Summer Jobs in Spain: Where to Look & What to Do
Summer in Spain is one of the best, and worst times to be in the country. If you're a fan of maginificent beaches, hot weather and non-stop sunshine then congrats, you're in the right place. Finding a job in Spain in summer isn't impossible, but it's not always easy. My first piece of advice: come as an open book. What does that mean exactly? Drop any majorly inflexible expectations you may be harboring, and be open. You must be willing to sacrifice a six-figure salary for 3 months in paradise, right?
For Americans, currently (who knows what bridges the Cheetoh may burn in the future) you are eligible to spend 90 days in Spain without an official visa. Your passport is stamped upon arrival and the counter starts there. Technically, you're unable to work on a tourist visa. Technically, Pluto isn't a planet, but there's wiggle room in both cases if you get my drift. Now, I'd never encourage you to knowingly break the law, but as the Spanish say so often: estamos en crisis so I suggest getting in where you fit in! If caught, just say that you were drunk off of Spanish sunshine and olives?
For EU passport holders, welcome. The doors are open (Until Brexit). All you'll need to do is secure a position and go from there!
Where to Look for a Job in Spain:
We recommend checking out the following resources:
These websites are a great starting point for looking for job openings. We also recommend contacting friends you may know that are based in the countries, joing Facebook groups for travelers who may have leads on temporary positions and basically staying open to all possibilities.
5 Possible Summer Jobs in Spain
Work at a Hostel
This is a good option because oftentimes, your accommodation is included in exchange for working. It's a great way to be social and meet fellow travelers. Many hostels also organize events and host meals, etc. You may not make a lot of money, but you can add event planning to your CV for a boost!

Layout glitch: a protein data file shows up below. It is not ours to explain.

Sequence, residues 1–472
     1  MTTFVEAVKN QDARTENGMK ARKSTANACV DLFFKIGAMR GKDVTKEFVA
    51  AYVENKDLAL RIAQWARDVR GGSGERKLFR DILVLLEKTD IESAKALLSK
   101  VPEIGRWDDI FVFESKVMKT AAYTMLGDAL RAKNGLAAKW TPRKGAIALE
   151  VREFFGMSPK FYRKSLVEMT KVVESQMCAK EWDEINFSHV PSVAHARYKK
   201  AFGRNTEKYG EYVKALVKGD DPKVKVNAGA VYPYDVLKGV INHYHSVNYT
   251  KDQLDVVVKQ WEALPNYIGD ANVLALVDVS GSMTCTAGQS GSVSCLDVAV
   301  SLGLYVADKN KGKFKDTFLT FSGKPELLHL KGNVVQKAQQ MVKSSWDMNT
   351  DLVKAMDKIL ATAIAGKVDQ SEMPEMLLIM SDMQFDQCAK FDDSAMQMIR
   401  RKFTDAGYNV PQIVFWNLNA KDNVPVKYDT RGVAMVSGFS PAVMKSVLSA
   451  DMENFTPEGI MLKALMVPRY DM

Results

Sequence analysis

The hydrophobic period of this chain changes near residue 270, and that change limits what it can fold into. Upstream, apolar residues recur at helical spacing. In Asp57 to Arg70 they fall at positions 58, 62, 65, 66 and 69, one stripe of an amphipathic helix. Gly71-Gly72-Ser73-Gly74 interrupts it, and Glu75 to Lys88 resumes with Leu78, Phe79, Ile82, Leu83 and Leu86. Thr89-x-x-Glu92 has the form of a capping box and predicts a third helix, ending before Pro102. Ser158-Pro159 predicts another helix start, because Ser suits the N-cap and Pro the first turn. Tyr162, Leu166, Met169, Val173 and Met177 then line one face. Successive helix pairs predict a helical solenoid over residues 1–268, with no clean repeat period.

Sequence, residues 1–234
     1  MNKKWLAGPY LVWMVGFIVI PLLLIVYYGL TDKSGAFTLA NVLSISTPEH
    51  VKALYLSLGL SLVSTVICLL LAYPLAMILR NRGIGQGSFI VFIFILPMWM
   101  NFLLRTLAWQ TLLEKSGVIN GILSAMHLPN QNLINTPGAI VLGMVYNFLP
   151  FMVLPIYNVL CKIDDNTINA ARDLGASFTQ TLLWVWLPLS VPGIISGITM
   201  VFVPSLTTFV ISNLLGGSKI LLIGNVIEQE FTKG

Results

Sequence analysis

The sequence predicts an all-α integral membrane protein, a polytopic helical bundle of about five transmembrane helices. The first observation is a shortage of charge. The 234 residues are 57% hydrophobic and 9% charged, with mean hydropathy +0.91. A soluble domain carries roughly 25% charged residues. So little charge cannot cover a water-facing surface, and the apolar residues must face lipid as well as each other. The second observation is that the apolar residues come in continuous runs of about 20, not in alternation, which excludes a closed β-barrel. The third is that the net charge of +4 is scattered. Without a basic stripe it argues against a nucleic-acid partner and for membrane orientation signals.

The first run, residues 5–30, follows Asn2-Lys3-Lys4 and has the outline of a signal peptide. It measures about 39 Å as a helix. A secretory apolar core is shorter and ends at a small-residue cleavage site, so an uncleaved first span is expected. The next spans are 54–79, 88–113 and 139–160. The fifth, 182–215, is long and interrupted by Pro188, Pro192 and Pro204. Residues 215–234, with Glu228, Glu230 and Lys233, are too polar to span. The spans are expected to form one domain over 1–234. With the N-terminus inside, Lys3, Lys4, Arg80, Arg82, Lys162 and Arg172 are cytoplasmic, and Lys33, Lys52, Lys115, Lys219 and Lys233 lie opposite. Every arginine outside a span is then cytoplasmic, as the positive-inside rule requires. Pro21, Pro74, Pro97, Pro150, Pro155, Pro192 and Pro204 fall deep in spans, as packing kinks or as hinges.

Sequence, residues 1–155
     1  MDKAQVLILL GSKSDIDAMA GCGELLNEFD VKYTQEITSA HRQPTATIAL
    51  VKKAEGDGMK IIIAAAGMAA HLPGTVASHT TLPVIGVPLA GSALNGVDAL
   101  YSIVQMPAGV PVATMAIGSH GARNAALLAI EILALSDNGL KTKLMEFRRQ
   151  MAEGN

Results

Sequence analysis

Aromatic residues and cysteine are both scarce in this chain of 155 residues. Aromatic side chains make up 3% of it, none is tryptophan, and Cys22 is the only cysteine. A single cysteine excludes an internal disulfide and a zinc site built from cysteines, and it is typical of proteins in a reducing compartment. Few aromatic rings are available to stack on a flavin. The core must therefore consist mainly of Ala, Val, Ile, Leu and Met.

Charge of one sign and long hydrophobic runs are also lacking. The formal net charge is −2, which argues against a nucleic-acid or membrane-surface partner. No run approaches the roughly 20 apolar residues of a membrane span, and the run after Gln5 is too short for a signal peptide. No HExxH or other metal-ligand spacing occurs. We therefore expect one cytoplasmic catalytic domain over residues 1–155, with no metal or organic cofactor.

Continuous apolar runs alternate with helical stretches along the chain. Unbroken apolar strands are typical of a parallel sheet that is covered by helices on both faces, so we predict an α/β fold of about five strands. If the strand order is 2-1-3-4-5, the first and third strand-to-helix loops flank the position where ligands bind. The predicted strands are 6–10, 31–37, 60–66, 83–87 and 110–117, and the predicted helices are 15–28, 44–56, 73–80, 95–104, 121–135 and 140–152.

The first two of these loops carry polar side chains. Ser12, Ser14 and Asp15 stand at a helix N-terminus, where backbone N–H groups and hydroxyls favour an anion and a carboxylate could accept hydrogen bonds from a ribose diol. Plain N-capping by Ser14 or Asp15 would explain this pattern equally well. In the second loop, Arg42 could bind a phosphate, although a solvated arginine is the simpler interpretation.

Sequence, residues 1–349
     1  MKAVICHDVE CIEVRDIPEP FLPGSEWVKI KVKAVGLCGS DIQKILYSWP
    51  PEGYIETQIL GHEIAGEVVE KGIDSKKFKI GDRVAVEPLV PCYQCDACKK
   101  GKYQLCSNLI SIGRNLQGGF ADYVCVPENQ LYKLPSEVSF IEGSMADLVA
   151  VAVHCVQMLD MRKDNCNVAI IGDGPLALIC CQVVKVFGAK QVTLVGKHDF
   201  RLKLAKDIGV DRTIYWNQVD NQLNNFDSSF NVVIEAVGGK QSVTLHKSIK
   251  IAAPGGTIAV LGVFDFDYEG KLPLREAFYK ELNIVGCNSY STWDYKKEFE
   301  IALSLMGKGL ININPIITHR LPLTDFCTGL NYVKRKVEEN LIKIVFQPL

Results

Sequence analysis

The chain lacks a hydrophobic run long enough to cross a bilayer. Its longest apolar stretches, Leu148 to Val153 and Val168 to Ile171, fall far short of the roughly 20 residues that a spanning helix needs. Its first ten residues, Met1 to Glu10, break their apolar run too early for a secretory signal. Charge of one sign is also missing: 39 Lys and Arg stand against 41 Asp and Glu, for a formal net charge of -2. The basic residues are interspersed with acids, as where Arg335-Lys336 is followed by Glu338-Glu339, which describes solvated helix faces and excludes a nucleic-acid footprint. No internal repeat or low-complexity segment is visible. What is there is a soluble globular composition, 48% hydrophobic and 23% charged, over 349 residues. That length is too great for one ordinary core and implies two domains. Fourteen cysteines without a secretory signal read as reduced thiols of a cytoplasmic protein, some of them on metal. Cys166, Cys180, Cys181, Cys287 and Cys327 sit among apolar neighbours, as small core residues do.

Lead a Study Abroad Group
Get in contact with your University, or former University and see if they lead trips abroad and how you can get involved. Again, this is a great option for a more structured experience and many times your flight is paid for as well! There are many American Universities that have campuses in Spain, so get in touch, ahead of time, to see what types of groups they are organizing.
Workaway is a once-in-a-lifetime experience where you go to volunteer for a small, local business, often away from the major hubs in the country, and in return you live and eat for free! You can read reviews for the job offer from previous travelers, and it's ideal for short-term work! Find out more information here!
There are still people looking for private tutors and teachers during the months of June and July. In August, most Spanish people pack up and go on holiday so don't expect a lot of money during the driest month of the year, literally! Try becoming an au pair, a camp counselor, a sports coach, yoga instructor, or art teacher and if you need to get paid in cash, this may be the best option!
Hotel & Cruise Ship
Bars and hotels need tons of people during the summer months especially on the coastal cities and the islands. I suggest getting in contact as early as May for June, July and August positions! It's not easy work, but tips are always a plus, and who doesn't want to spend the summer on the beach? Cruise Ships are also a fun way to spend a few weeks of the summer! There are a variety of positions available from translators to zumba teachers. You're much more likely to find your niche this way!
There you have it! In summation, if you want to work in Spain in Summer I suggest: staying open, starting early, and going with the flow! Spain is even more chill than usual during those scorching Summer months. Don't forget to pack the sunscreen!
Danni, Community + Content Director at Las Morenas de España, is a twenty-something, Chicago native currently residing in Madrid. Lover of language, words, and travel, she's managed to combine all of her passions through her work. In her free time, you can find her exploring the winding streets of Madrid, hunting down good flight deals, planning her next adventure and writing & researching for LMDES. Danni loves spicy food, natural hair, music and of course, her wonderful husband. If you need to find her, she’s the girl with huge hair and her face buried in her Kindle.